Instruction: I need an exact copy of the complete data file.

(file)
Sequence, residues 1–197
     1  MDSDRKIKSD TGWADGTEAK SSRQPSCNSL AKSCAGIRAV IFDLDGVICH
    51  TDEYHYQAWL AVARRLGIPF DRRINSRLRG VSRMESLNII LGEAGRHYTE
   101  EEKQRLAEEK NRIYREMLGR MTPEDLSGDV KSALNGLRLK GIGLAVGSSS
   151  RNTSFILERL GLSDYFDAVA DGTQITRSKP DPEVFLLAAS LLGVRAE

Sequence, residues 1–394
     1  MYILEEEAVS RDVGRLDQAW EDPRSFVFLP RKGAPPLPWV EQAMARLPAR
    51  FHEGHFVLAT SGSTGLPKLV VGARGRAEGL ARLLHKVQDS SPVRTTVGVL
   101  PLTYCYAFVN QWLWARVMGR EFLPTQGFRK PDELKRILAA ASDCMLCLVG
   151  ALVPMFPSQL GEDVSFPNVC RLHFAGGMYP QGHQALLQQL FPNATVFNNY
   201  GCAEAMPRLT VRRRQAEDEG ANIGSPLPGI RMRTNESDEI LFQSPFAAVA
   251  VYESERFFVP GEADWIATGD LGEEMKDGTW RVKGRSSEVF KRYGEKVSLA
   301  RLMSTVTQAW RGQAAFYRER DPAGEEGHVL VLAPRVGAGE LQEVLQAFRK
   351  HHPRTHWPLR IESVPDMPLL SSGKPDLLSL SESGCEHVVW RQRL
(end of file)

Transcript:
Sequence, residues 1–197
     1  MDSDRKIKSD TGWADGTEAK SSRQPSCNSL AKSCAGIRAV IFDLDGVICH
    51  TDEYHYQAWL AVARRLGIPF DRRINSRLRG VSRMESLNII LGEAGRHYTE
   101  EEKQRLAEEK NRIYREMLGR MTPEDLSGDV KSALNGLRLK GIGLAVGSSS
   151  RNTSFILERL GLSDYFDAVA DGTQITRSKP DPEVFLLAAS LLGVRAE

Sequence, residues 1–394
     1  MYILEEEAVS RDVGRLDQAW EDPRSFVFLP RKGAPPLPWV EQAMARLPAR
    51  FHEGHFVLAT SGSTGLPKLV VGARGRAEGL ARLLHKVQDS SPVRTTVGVL
   101  PLTYCYAFVN QWLWARVMGR EFLPTQGFRK PDELKRILAA ASDCMLCLVG
   151  ALVPMFPSQL GEDVSFPNVC RLHFAGGMYP QGHQALLQQL FPNATVFNNY
   201  GCAEAMPRLT VRRRQAEDEG ANIGSPLPGI RMRTNESDEI LFQSPFAAVA
   251  VYESERFFVP GEADWIATGD LGEEMKDGTW RVKGRSSEVF KRYGEKVSLA
   301  RLMSTVTQAW RGQAAFYRER DPAGEEGHVL VLAPRVGAGE LQEVLQAFRK
   351  HHPRTHWPLR IESVPDMPLL SSGKPDLLSL SESGCEHVVW RQRL